It’s been over 5 years since I last blogged about trace flags, so it seems a post on the topic is in order.
If a trace flag is undocumented, it means it is unsupported and not guaranteed. It can go away at any time, even from one service pack to the next. If a trace flag doesn’t work the way the person who told you about said it should work, there is no help for that. It is undocumented.
Trace flags change SQL Server’s behavior. They are toggles, that can be turned on or off. When they are on, they force SQL Server to do things differently. Sometimes just a little bit differently, sometimes a LOT differently. Some are very harmless, such as 3604 which allows SQL Server to return output from certain undocumented DBCC commands to return output to the client. You need to use this flag if you’re going to use the DBCC PAGE command, which I talk about a lot in my writings and in my SQL Server Internals classes.
However, there are other trace flags that change SQL Server behavior a LOT. The SQL Server developers at Microsoft create trace flags for lots of reasons, usually to force some sort of non-standard behavior. This might be so the developers can test the feature during development, or so that the support engineers can turn a feature off – either to confirm that the feature was causing a problem. These are usually not changes that you would want to make to your own SQL Server in a normal environment.
But with so many undocumented trace flags, the question frequently arises “Why aren’t MORE trace flags documented?”
Here are some of the reasons:
-- Once a trace flag is official publicly documented, people will start to use it. And people will also start to misuse it. Microsoft needs to consider whether dealing with the misuse will be worse than the problems due to the lack of that particular trace flag.
-- Before a trace flag is documented, it must be thoroughly tested. FULLY. Across all SKUs, all security environments, all performance conditions. And that is not easy. A trace flag added for one particular situation or one rare bug is usually not tested to the full extent that documented features are. So it will stay undocumented.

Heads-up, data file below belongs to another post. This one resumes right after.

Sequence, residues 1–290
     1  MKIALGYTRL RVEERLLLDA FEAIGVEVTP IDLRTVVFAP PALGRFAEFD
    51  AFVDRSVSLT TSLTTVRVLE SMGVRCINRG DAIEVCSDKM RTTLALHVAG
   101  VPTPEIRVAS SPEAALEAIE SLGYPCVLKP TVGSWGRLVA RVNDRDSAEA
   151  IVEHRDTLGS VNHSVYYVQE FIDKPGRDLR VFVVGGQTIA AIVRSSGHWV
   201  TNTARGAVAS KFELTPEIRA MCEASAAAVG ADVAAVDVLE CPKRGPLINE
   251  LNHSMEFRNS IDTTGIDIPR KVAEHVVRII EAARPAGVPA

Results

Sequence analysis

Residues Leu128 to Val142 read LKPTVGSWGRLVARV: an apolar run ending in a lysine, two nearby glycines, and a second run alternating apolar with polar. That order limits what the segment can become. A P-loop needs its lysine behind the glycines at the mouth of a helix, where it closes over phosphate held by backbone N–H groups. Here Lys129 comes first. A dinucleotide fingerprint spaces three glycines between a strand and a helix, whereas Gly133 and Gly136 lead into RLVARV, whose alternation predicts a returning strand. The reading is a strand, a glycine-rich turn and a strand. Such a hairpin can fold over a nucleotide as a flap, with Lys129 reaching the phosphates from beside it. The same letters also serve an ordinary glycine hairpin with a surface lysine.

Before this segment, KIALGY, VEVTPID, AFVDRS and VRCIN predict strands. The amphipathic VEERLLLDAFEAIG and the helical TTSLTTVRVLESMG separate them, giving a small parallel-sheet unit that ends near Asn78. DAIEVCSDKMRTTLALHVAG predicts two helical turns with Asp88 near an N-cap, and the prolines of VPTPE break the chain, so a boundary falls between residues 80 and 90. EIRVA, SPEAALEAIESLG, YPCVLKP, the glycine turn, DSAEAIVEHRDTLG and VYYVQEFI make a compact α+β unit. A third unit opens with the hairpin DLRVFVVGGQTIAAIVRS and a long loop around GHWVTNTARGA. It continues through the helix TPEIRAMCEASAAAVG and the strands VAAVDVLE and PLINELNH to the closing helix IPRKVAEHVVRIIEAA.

-- Once a trace flag is added, it must be supported, into the future. And can’t be removed without officially deprecating it, at least one full version in advance. Some trace flags are known to have a limited potential usefulness, documenting them will force them to be maintained even when they’re no longer useful.
-- Because most of the undocumented trace flags are created for a limited set of circumstances, they are not tested in conjunction with other trace flags. In order to be fully tested, each trace flag would have to be tested in combination with every other trace flag. And if a particular combination of trace flags was not pretty, which of the trace flags involved should be left undocumented? It would be really hard to tell, even after spending all the time on all the testing.
The bar for Microsoft actually documenting a trace flag is therefore quite high. And sometimes if a feature introduced by trace flag is really needed, it will just become part of the product, or added using a different interface, such as a configuration option or database property.
But Microsoft does document new trace flags. If you look at the history of Books Online to see the number of documented trace flags, you can see the increase:
-- SQL Server 2005: 10 trace flags
-- SQL Server 2008: 13 trace flags
-- SQL Server 2008 R2: 15 trace flags
-- SQL Server 2012: 19 trace flags
So if you read about an undocumented trace flag, and you think it might be useful for you, be very careful when testing it. And if your careful testing shows it IS useful, let Microsoft know.
But if your testing shows it isn’t useful, or is actually harmful, you don’t need to let Microsoft know. They probably already know. After all, it’s undocumented.